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Chris Hipkins will become New Zealand’s next prime minister after MPs of the ruling Labour party made the 44-year-old their unanimous choice to replace outgoing leader Jacinda Ardern.

Hipkins, the country’s education minister, will lead Labour into elections this October with his party behind in the polls and facing a backlash against the country’s economic and pandemic management.

Although lacking the star power of the charismatic Ardern, analysts said the quietly competent and casual Hipkins — whose role in leading the country’s Covid-19 response helped to earn him the ‘Mr Fixit’ tag — may suit a party that has lost touch with “middle New Zealand”.

Hipkins, who entered the parliament building alongside his long-term ally Ardern and embraced her before the vote took place, ran unchallenged for the party leadership. He will be sworn in as New Zealand’s 41st prime minister on Wednesday in what has proved to be a smooth and rapid handover.

Carmel Sepuloni was named as deputy prime minister. She will be the first ‘Pasifika’ — a New Zealander from Pacific island descent — to hold the role.

Hipkins immediately set out an agenda to refocus his Labour government on “bread and butter issues” as the government under Ardern had been seen by the public as trying do “too much, too fast”.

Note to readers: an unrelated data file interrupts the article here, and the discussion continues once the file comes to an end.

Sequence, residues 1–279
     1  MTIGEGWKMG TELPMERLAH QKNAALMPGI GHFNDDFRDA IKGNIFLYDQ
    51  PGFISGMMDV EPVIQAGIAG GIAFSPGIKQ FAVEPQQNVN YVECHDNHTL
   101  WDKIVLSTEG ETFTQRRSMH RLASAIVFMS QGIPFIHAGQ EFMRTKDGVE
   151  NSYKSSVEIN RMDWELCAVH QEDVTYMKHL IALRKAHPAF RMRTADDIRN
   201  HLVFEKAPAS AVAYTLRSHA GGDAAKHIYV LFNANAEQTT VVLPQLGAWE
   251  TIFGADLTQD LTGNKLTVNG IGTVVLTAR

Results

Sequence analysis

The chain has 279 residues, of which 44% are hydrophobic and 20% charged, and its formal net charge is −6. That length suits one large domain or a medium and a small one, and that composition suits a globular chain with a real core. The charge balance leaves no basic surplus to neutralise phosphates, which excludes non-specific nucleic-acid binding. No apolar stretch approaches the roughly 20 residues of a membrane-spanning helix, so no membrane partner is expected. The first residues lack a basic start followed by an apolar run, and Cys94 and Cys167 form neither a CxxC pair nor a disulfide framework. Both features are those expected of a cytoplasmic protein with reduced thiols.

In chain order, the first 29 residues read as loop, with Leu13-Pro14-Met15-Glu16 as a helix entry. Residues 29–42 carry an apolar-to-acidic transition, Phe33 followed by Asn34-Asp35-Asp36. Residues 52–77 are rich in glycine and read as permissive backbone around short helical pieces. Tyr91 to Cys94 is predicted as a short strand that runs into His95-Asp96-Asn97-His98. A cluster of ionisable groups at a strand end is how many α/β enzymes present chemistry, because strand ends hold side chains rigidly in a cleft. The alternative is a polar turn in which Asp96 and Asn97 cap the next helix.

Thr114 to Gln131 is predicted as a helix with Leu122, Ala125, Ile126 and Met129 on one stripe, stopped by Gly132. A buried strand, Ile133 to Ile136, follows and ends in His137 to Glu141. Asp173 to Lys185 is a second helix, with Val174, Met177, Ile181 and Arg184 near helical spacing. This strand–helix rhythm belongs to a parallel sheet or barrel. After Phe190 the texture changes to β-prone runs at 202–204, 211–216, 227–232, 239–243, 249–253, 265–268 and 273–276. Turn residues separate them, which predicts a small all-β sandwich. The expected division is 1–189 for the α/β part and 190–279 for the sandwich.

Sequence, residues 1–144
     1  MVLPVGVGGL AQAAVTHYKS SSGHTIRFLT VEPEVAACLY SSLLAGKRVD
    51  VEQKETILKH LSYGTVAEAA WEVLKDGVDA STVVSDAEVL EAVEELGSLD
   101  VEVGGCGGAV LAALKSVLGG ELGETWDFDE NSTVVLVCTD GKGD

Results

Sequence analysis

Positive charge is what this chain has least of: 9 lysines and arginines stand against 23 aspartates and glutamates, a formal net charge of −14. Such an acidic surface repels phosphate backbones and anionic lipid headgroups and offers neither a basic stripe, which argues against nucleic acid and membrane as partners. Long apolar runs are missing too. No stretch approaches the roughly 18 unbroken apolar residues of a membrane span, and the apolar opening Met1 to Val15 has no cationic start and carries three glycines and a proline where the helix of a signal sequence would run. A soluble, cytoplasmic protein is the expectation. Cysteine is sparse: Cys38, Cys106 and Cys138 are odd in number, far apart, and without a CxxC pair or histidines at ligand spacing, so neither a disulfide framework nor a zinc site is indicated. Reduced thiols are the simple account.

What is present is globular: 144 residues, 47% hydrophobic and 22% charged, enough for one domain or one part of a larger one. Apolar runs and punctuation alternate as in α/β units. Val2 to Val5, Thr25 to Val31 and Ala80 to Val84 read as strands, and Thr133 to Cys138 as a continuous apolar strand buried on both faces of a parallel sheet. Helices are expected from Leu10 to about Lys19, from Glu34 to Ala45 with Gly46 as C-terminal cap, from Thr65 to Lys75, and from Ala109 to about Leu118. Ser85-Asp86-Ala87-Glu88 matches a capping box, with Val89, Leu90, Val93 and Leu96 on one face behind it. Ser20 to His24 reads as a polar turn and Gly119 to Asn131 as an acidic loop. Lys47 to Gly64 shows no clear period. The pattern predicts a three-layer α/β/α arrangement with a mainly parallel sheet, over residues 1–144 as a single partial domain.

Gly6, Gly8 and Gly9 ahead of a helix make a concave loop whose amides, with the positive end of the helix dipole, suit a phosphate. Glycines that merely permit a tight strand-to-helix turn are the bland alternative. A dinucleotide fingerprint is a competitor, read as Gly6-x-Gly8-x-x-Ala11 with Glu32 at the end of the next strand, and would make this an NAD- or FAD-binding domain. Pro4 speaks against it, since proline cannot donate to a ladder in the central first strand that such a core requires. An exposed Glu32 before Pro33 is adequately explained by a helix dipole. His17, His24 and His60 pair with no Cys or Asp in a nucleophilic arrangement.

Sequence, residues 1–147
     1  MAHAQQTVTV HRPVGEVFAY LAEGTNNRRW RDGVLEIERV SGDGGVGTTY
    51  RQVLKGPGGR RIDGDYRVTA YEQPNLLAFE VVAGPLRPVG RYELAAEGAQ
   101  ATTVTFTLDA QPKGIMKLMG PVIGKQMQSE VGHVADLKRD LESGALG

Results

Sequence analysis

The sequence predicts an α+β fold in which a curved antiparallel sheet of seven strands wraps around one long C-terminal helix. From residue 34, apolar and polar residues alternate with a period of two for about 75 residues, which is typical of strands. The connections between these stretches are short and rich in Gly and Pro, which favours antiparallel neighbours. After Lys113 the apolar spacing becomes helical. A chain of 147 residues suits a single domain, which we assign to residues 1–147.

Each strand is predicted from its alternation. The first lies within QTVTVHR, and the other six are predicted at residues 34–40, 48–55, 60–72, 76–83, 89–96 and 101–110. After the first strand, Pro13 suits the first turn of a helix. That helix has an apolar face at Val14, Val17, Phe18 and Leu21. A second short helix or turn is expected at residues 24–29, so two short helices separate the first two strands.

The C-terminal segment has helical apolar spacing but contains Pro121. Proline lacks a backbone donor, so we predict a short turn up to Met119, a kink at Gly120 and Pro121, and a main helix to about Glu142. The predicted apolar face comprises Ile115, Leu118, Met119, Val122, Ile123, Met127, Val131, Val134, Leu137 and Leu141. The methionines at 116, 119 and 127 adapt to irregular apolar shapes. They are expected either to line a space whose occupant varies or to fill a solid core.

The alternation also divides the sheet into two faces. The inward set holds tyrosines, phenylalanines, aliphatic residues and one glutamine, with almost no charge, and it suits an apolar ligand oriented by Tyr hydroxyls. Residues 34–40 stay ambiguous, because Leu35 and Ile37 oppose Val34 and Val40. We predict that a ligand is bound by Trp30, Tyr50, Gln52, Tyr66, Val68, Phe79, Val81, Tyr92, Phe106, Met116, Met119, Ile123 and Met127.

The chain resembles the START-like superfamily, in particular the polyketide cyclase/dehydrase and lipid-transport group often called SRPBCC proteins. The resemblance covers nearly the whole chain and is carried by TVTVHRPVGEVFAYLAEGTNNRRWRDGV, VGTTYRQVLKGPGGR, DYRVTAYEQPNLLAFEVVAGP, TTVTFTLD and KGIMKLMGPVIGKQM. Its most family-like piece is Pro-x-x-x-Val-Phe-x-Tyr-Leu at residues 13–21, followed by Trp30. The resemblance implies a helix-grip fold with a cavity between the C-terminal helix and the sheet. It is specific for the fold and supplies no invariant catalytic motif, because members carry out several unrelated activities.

“The world is facing a new challenge: a pandemic of inflation,” he said of the country’s cost of living crisis.

Christopher Luxon, who leads the rival National party, congratulated Hipkins on his sudden elevation but questioned how far he would move from Ardern’s agenda. “New leader, same story,” he said.

Hipkins entered parliament in 2008, eleven years after he was arrested and escorted from its grounds for protesting against the education policies of the then National-led government, an event he credited with propelling him into politics.

The elevation of the MP for Remutaka, known in New Zealand political circles as “Chippy”, to the prime ministership was triggered by Ardern’s abrupt resignation after saying she did not have the energy for another term as leader.

Danyl McLauchlan, an academic at Victoria University of Wellington school of biology, said Hipkins had earned a “hyper-competent” reputation for being put into difficult portfolios, including education and policing.

McLauchlan said polling in recent days — with both Labour and Ardern dropping in popularity heading into the October election — vindicated the switch to Hipkins, who was “the only candidate with a chance of turning around Labour’s chances” against the rival National party, led by Luxon.

Hipkins paid tribute to Ardern’s “calm, stable, reassuring leadership” during some of the most challenging circumstances in the country’s history. “However, we are different people,” he said, drawing a line between himself and his predecessor.

McLauchlan said Hipkins was unlikely to generate the same level of vitriol from the opponents of Ardern’s New Zealand’s pandemic policies — which had risen to “demonic” levels over the past year — despite his central role in the Covid-19 response. “He is very prominent but he doesn’t live rent free in the heads of hundreds of thousands of New Zealander protesters,” he said.

The New Zealand Green party, Labour’s traditional coalition partner, said in a statement that it was looking forward to working with Hipkins.

“Chris will make an excellent prime minister and we look forward to continuing our work together, for the rest of this term and the next,” said Green co-leader James Shaw.


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#Fixit #replaces #Jacinda #Ardern #Zealands #prime #minister

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